My first phone conversation with her was very emotional, as if I had known her all these years, even though she had remained a mystery for a decade. She
recounted her life as a wife and mother with a mix of humor and tragedy. She considered herself unlucky, but luckier than opium brides who did not have the
honorable title of wife. Darya knew other girls like her have been trafficked to become drug mules and prostitutes.
Darya's life has turned out better than I had imagined. She's the younger wife and has become the matriarch of her compound.
"Now they give me a lot of respect," she said.
She had cried for a year after arriving in Helmand, and she resisted by arguing with Sufi's first wife. Sufi beat her for disobeying. When she stopped
rebelling and completed her chores, he stopped the beatings.
"Now my hambaq (husband's other wife) and I are friends. He no longer sleeps with her. I tell her 'you send him to me now that he's an old man. I
have no use for him,'" she said, laughing.
She quickly learned Pashto, but it took her four years to get pregnant. At 18, she had a son, and he became her reason to live. She spent her days baking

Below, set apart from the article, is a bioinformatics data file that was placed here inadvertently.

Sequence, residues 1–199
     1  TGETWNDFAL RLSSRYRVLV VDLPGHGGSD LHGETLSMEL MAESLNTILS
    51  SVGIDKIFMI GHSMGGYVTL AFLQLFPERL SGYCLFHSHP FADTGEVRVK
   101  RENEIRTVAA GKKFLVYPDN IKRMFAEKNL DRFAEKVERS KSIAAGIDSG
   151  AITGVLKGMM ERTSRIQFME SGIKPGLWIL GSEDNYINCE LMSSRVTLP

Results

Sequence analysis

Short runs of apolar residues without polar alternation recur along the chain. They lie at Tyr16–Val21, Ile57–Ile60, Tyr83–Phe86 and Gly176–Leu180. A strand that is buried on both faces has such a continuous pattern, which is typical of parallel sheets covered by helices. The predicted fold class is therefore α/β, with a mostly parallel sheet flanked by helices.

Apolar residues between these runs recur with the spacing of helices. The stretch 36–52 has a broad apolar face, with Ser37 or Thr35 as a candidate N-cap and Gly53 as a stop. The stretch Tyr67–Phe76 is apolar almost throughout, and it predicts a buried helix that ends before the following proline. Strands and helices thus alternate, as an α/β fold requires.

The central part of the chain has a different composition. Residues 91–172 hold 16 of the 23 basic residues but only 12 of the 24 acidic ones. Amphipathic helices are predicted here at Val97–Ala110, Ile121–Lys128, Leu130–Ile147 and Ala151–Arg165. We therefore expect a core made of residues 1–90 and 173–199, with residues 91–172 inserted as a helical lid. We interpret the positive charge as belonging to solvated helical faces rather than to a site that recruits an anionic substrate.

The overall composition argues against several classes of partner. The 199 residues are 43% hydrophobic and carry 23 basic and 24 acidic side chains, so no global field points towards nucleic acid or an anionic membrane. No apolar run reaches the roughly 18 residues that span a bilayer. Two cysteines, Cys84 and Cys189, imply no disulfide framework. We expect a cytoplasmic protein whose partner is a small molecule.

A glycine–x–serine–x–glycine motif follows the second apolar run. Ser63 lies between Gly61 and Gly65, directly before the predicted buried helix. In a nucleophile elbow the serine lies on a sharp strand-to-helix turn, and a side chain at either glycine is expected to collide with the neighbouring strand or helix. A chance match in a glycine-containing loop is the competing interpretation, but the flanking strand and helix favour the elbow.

bread in a clay oven, cooking, doing laundry, and looking after her child. Twice a year, Sufi took Darya to Herat to visit her mother. Her father came out
of hiding after he paid his debt in full. He still deals drugs though, she said.
On one of her trips to Herat, Darya confronted her dad for selling her to Sufi. "He told me I should be grateful because my husband can take care of me. If
he had left me to the young boys in Herat, I would've become a drug addict's wife, which is worse."
Touraj gave her the cell phone she was using as a way of making peace. Darya has forgiven her father, but not his deed. "He should've found another way.
What he did to me was wrong," she said.
During the first years of her marriage, Darya only left the Marjah compound to shop with her husband or to go to the doctor. Until the U.S. arrived with
the Afghan National Army, women could not go out on their own because the Taliban demanded that male kin accompany women in public. One morning while Darya
was busy with her household chores, Sufi took their 18-month-old outside the compound to play in the nearby creek. She heard Sufi scream, and then she saw
her dead son in his arms. The toddler drowned in the creek because Sufi had failed to watch him.
"I had lost a lot until that point, but the worst pain hit me after I lost my child. I can never forget his loss," she said, choking up.
After her firstborn's death, she had a second son, Barat, who is now 2, and a daughter, Zahra, now 8 months old. She can roam the bazaar in her burqa with
the other women from the compound. There are now fewer moral restrictions, but the night raids and house searches were a regular part of life for her
family. American troops, who have left control to Afghan authorities now, searched their compound five times in the last three years. Darya has met many
other opium brides in Marjah on her outings. A network of Helmand farmers and smugglers interact with traffickers in Herat, and bartering brides is a
regular part of business for this network.